In the summer of 1894 he traveled to Russia where the Jews were denied ownership of land and the opportunity to pursue agriculture, the calling of their ancestors. He believed a personal appeal to the Czar might help, but the Czar would not see him. Instead, Dr. Krauskopf spent time visiting Count Leo Tolstoy who advised him to return to America and "lead the tens of thousands from your congested cities to your idle, fertile lands..."
Upon his return to America, Rabbi Krauskopf began working to establish a school to train young men to be practical, working farmers. He recognized that to farm successfully one needed more than desire; one needed training in scientific methods. “Science with practice” was his motto. Although his school was founded primarily with the needs of young Jewish men in mind, he insisted the school be open to boys of all faiths and backgrounds.
With money he had saved from lecturing along with some donations, he purchased for his school a farm of 118 acres near Doylestown, Pennsylvania. From the proceeds of another lecture tour and some donations, he raised $10,000, which he used to erect one building that contained a classroom, dormitory rooms, dining room, kitchen, laundry, gymnasium, office and quarters for the dean. In 1896 he obtained a charter for the school, and in September of 1897 the first class of ten students came to it from all parts of the country. Education, housing, food and clothing were furnished free of charge.
Dr. Krauskopf gave his school a grand name, “The National Farm School.” It soon grew in both size and prestige. In time it became known as a model agricultural school, where theory and practice were combined. With tireless energy and persistence, he brought about success for the school, and its success brought him honors and work he never expected.
During the Spanish American War, President McKinley appointed him Special Field Commissioner to study and report on the conditions in U.S. Army camps in Cuba. Then, in 1900, the U.S. Secretary of Agriculture sent him to Europe to investigate and report on agricultural education and conditions of agriculture there. During World War I he was asked to work with Herbert Hoover as a director of the Food Conservation Commission.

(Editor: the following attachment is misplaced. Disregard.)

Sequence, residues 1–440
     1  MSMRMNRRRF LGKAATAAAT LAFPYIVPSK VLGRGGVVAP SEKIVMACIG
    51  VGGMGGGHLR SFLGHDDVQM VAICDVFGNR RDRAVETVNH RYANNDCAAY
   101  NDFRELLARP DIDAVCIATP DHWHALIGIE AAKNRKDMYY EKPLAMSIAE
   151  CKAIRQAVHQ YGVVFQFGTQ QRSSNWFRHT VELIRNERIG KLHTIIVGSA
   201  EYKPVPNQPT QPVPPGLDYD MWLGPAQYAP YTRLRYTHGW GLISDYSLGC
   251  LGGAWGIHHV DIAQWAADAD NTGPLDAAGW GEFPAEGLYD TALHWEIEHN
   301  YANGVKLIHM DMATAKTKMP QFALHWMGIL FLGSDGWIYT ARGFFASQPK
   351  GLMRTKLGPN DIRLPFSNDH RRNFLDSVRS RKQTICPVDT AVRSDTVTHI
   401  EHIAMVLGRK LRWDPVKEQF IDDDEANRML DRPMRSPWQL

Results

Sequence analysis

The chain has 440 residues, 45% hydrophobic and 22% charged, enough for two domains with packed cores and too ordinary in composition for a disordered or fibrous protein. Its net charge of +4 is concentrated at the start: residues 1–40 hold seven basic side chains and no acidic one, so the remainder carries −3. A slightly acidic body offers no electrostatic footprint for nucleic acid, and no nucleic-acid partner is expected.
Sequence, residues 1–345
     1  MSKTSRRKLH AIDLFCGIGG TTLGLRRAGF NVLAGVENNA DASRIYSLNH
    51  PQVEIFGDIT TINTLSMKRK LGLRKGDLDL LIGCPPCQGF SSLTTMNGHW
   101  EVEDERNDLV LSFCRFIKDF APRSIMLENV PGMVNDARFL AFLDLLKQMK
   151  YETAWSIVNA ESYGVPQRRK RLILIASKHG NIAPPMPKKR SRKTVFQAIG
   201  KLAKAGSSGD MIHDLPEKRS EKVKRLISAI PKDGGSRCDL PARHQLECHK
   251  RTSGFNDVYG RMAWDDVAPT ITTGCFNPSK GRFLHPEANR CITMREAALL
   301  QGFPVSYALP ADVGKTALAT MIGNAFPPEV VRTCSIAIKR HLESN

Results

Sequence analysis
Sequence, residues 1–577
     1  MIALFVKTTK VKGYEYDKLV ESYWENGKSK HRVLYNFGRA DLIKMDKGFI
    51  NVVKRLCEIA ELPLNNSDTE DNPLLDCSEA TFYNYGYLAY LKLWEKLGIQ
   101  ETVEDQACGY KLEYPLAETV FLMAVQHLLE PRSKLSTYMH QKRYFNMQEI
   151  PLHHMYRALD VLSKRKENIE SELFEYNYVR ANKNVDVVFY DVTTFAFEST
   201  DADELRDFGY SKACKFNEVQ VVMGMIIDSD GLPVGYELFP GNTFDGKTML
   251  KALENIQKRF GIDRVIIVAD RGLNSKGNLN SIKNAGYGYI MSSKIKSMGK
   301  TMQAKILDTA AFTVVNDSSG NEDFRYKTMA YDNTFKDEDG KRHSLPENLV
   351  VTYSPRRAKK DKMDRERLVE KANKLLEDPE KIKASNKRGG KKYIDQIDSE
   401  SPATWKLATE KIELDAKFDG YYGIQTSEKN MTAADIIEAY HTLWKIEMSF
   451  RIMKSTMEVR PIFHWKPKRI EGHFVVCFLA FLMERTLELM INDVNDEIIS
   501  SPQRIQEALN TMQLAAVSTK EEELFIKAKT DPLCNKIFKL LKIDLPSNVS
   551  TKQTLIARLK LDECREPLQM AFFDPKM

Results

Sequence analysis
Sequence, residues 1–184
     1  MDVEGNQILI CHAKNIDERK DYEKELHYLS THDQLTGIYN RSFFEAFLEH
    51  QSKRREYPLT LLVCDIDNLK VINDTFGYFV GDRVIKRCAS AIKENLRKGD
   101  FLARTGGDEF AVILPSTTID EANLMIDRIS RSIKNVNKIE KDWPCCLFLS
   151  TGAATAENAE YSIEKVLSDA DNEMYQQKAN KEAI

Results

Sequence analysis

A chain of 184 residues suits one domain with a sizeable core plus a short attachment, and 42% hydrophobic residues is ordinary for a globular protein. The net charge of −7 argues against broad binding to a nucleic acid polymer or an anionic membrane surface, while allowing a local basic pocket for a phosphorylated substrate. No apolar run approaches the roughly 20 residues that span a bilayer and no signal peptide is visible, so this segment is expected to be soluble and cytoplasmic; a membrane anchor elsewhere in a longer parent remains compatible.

Dr. Krauskopf wrote books on a variety of subjects, and his weekly Sunday sermons were published and distributed to readers throughout the world. (There are 35 volumes of his sermons in the archives of Delaware Valley College.)
Joseph Krauskopf died in 1923. The school that he founded continued to thrive. He had built well. Within twenty-five years, its property had expanded to more than fifteen hundred acres with thriving fields and orchards, herds of cattle, flocks of poultry and several greenhouses. Graduates went on to accomplish much in farm-related areas, as well as in other fields. At the school's Silver Jubilee personal commendations came from President Calvin Coolidge, from the Secretary of Agriculture, William M. Jardine, and from leaders in agriculture across America.
Rabbi Krauskopf's school was known as the National Farm School until 1946 when it became the National Farm School & Junior College, under the leadership of its president, James Work, a 1913 graduate of the National Farm School. In 1946 the Board of Trustees realized that the science of agriculture had become more complicated: research had opened new fields, students (most especially young men returning from service in the armed forces) were searching for more than a junior college education. So two years after becoming a junior college, a program of expansion was begun. Buildings were remodeled, new classrooms and laboratories furnished and the National Farm School & Junior College was accredited in 1948 as the National Agricultural College, a four-year senior college. Another change came in 1960. The school was renamed Delaware Valley College of Science and Agriculture and in 1962 it was accredited by the Middle States Association of Colleges. In 1989 the name was officially shortened to Delaware Valley College.